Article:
Our relationships with each other provide the foundation for everything else.
We believe that people learn best in relationship with others, when they feel safe and excited to share their ideas and feelings. We start building relationships with families by learning about your cultural values and practices before your child even starts at the school.
We want all members of our school community to learn to be compassionate and skillful at navigating issues of social justice to make the world a better place.
We support children, families and staff/teachers in living the four goals of anti-bias education: identity, diversity, justice, and activism. We seek to make visible the cultures of all the families in our school, and to promote the discussion and appreciation of differences. We cultivate empowerment to stand against bias and racism by taking action in our school and communities.
Education is the right of all, and as such is a responsibility of the community. Our schools are educational contexts that construct a culture of childhood and promote children’s right to care, education, and learning — all based on the value of social interaction.
We use these foundational ideas from the schools of Reggio Emilia, Italy: The Hundred Languages of Children; the environment as the third teacher; emergent curriculum; the image of the child as an active, competent citizen; the right of educators to ongoing professional development; and the centrality of partnership between parent, child, and teacher.
Social and Emotional Learning
We value and support each child’s development into a caring and empathetic community member.
We value children’s emotional experiences as important learning tools for all, and seek to support children’s social emotional fluency and skillfulness. We use conflict resolution with all ages, encouraging children to express themselves, develop empathy, and cultivate the ability to take another’s perspective.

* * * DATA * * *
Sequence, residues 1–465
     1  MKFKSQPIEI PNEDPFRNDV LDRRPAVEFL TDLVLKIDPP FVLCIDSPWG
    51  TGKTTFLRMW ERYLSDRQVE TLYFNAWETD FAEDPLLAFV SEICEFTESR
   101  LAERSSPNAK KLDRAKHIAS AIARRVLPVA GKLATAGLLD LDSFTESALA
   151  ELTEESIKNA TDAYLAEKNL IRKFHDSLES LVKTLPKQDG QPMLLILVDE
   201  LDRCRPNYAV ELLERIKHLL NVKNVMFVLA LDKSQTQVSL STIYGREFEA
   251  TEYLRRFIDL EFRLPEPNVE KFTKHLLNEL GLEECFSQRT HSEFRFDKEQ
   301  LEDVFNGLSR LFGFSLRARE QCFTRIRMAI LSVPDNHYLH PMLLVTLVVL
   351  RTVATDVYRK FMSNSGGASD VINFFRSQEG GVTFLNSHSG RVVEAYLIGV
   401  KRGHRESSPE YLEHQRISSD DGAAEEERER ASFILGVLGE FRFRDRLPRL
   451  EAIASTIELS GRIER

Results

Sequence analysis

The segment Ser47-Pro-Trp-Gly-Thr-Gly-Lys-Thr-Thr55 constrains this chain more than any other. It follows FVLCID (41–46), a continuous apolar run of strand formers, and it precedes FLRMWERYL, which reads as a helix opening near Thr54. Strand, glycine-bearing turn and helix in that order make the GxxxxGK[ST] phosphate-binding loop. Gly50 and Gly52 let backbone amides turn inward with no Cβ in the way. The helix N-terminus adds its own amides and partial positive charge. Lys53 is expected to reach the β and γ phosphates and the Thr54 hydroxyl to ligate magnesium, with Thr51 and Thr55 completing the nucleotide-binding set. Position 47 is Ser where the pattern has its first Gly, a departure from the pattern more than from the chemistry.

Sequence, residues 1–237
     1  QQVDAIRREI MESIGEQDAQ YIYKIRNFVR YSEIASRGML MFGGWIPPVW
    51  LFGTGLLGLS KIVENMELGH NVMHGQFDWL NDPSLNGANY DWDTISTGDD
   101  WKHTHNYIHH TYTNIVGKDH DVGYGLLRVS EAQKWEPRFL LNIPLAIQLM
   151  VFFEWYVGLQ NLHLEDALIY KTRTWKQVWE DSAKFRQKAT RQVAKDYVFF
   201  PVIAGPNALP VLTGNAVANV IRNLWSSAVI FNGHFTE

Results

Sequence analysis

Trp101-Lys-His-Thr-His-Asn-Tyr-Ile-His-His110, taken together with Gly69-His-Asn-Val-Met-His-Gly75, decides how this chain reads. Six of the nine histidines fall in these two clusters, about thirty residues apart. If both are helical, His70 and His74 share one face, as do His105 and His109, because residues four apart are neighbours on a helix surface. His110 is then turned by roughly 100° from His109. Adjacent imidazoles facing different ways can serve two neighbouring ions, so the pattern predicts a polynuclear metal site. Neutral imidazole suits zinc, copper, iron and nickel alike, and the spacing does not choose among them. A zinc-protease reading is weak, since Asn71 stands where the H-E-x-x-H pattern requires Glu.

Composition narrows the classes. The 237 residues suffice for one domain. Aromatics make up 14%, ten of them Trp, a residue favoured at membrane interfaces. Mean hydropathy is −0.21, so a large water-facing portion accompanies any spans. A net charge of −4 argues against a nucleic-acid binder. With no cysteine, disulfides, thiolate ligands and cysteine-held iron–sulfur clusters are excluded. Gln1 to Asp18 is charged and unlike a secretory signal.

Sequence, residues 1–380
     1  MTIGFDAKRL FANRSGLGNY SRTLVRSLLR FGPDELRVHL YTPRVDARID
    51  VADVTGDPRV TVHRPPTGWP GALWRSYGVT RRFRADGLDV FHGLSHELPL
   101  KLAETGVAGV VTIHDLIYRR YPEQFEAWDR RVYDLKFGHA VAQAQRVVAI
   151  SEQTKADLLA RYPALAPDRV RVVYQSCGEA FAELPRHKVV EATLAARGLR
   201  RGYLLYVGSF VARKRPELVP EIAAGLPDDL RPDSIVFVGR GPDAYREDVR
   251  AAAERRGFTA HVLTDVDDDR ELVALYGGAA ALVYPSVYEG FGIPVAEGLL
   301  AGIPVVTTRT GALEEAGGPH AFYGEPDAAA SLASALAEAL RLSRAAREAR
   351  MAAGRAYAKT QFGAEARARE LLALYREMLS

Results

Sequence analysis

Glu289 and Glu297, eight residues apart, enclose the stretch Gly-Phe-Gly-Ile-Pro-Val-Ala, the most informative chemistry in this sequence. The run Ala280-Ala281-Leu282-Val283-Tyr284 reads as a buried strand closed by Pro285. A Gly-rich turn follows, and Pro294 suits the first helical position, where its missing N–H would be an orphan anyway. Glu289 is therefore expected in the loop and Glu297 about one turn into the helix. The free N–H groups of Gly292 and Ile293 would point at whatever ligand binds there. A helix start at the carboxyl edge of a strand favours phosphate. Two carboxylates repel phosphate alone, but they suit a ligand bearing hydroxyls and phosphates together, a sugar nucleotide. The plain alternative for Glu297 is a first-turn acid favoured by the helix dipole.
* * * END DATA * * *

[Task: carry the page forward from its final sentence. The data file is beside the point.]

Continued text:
Play Based Learning (risk-taking and messy play)
Children learn through exploration – using their hands and bodies to explore can be messy or risky.
Children learn most thoroughly and most joyfully through play. Teachers observe the children’s play and provide materials and opportunities to enhance the children’s play experiences, and therefore their learning, by verbalizing or making visible connections and theories they see the children experimenting with.
Developmentally Appropriate Practice
Our practices shift and flow responsively to support the different needs of the children.
We believe in allowing children to develop at their own pace and make sure our classroom provides what the children’s current developmental needs are. We meet children where they are in their development and needs, and we give special attention to children who have atypical needs to ensure they are supported to fully participate and be included in the life of the school.
Democratic Learning Community
We use age-appropriate ways to give the children agency over their own bodies and the needs of the group.
The Reggio approach is based in social constructivism: the theory that people thrive in their learning when they are in relationship with others and making sense of the world together. The children, along with the staff and parents, are empowered to advocate for their beliefs and needs, and given opportunities to participate in choices about the school, their classroom,
and daily activities.